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Professor David Rowitch

107-Rowitch-2017Professor David Rowitch

Glial cells and response to injury

Email: dhr25@cam.ac.uk

Laboratory: Cambridge Stem Cell Institute, Clifford Allbutt Building, Cambridge Biomedical Campus.

Departmental Affiliation: Paediatrics

Biography

David Rowitch, MD PhD ScD is Professor and Head of Paediatrics at the University of Cambridge, and he holds a joint appointment at UCSF (Pediatrics and Neurological Surgery). He is a neonatologist and neuroscientist whose laboratory investigates genetic factors that determine development and diversity of glial cells of the brain and the response to injury. He has applied these principles to better understand white matter injury in premature infants, brain cancer and leukodystrophy. Rowitch lead the first human clinical trial of direct neural stem cell transplantation focused on the rare and fatal leukodystrophy, Pelizaeus-Merzbacher Disease (PMD).

His work in the field of neurobiology has earned him numerous awards. He became a Howard Hughes Medical Institute Investigator in 2008 and Professor of Paediatrics at Cambridge University and Wellcome Trust Senior Investigator in 2016. His interest in precision medicine focuses on applications of genomic technologies to diagnose and better understand the biological basis and rational treatment of rare neurological disorders.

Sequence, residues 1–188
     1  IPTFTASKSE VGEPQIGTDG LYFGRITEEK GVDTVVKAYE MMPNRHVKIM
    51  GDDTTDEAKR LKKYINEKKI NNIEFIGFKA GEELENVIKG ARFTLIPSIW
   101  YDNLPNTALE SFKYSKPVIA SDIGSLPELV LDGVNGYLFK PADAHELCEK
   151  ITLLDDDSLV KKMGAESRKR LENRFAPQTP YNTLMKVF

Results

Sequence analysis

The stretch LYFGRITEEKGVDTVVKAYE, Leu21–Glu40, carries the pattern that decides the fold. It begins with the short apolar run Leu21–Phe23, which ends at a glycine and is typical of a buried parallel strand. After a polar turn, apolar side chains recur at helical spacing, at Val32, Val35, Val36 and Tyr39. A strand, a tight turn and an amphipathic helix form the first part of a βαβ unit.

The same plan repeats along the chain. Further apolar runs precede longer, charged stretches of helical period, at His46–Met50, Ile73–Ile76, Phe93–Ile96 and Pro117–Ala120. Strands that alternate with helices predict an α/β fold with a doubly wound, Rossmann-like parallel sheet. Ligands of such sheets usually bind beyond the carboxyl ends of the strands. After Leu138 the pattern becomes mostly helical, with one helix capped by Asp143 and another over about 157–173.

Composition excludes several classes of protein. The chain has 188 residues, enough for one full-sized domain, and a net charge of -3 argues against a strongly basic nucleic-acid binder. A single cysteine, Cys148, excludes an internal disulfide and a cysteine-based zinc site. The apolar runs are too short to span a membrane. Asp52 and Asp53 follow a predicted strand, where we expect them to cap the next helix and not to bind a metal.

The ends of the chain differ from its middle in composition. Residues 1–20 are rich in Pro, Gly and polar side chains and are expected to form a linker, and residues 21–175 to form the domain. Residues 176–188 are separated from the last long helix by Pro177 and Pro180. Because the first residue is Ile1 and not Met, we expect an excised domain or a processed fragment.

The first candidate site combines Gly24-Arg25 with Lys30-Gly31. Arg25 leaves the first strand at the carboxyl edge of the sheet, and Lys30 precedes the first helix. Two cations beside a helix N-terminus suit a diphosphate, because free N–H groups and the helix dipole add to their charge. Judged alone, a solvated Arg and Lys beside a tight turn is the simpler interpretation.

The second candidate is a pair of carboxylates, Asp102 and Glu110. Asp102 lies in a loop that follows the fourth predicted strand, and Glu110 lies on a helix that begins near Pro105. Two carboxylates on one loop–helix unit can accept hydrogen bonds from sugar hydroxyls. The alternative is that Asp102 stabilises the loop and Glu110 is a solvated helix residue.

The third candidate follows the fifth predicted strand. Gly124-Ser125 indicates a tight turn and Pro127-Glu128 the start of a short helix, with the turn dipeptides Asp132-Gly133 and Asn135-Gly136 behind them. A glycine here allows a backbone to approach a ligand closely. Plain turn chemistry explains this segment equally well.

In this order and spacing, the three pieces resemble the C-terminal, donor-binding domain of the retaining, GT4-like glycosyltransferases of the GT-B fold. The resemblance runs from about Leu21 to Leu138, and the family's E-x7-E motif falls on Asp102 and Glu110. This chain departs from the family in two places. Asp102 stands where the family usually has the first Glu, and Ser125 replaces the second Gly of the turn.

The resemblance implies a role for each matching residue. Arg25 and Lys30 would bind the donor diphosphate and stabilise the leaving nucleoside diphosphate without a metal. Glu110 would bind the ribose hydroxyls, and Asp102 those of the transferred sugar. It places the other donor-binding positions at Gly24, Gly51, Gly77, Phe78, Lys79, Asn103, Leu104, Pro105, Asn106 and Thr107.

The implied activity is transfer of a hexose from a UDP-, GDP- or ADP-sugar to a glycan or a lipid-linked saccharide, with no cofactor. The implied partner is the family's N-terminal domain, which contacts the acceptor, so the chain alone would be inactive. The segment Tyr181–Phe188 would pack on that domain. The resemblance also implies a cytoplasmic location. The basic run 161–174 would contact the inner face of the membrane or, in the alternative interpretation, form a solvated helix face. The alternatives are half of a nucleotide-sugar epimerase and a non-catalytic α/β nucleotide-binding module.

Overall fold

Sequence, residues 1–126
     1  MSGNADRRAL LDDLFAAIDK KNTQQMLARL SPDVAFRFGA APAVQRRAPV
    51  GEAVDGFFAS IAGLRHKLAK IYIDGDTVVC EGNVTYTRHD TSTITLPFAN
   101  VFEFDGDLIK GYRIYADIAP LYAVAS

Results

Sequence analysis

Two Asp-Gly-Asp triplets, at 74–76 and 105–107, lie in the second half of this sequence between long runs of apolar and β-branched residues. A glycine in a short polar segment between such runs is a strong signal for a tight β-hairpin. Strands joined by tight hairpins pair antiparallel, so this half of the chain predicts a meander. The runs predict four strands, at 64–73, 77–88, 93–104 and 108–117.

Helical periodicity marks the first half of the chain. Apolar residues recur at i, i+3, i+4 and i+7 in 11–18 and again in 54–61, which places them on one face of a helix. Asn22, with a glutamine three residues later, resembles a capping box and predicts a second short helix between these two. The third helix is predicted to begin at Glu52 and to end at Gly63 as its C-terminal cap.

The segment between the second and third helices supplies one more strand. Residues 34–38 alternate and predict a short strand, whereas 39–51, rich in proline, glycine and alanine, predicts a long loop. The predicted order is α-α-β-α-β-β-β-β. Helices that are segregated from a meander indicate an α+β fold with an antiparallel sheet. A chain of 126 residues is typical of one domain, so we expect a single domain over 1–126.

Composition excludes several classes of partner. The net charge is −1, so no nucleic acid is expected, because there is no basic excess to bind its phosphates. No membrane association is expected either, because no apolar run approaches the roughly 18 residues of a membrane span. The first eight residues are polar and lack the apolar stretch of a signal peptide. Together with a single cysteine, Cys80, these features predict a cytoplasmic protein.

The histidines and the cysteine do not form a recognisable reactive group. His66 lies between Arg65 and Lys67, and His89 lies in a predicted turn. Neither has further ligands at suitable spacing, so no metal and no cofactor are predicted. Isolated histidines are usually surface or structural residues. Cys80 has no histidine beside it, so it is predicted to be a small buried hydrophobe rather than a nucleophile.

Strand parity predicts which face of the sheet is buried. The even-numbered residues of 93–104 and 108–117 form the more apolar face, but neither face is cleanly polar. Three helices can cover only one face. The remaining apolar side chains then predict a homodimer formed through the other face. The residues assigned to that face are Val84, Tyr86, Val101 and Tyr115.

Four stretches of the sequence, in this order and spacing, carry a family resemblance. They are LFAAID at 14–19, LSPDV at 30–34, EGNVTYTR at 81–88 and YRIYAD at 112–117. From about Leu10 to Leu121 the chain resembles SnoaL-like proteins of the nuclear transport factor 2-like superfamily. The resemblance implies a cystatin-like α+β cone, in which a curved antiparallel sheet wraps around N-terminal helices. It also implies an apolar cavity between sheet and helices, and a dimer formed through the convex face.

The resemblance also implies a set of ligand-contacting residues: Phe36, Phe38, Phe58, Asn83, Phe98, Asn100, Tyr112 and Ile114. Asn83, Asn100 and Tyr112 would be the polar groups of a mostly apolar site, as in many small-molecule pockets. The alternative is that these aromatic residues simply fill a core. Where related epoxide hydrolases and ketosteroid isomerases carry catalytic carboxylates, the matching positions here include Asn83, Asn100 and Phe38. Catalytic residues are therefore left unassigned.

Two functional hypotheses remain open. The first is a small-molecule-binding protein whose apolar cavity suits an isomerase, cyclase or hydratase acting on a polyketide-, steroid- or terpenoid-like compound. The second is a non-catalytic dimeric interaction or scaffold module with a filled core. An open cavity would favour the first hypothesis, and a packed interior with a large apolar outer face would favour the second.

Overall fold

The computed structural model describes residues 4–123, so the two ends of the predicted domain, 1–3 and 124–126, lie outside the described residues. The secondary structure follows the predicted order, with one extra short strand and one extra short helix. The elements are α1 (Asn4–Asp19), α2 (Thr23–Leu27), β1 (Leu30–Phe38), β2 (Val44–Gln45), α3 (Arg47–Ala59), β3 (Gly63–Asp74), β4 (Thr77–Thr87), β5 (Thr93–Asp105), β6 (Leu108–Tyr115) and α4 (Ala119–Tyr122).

Funding

 Wellcome Trust, Action Medical Research

 

Rowitch Research 2017

Image from my lab taken by Vivi Heine in 2008 shows a collection neural stem cells stained with nestin (green), and Olig2 (red), a marker of glial progenitors. Such cell collections can "self-organize" to generate specialized cell progeny without external instructions

 

Research

David Rowitch, MD PhD ScD is Professor and Head of Paediatrics at University of Cambridge. He holds a joint appointment at UCSF (Pediatrics and Neurological Surgery). He is a neonatologist and neuroscientist whose laboratory investigates genetic factors that determine development and diversity of glial cells of the brain and the response to injury. He has applied these principles to better understand white matter injury in premature infants, brain cancer and leukodystrophy. Rowitch leads the first human clinical trial of direct neural stem cell transplantation focused on the rare and fatal leukodystrophy, Pelizaeus-Merzbacher Disease (PMD). His work in the field of neurobiology has earned him numerous awards. He became a Howard Hughes Medical Institute Investigator in 2008 and Professor of Paediatrics at Cambridge University and Wellcome Trust Senior Investigator in 2016. His interest in precision medicine focuses on applications of genomic technologies to diagnose and better understand the biological basis and rational treatment of rare neurological disorders. 

 

Rowitch Group 2017

Group Members

Staffan Holmqvist, Srikirti Kodali, John Stockley  

 

Plain English 

 

Key Publications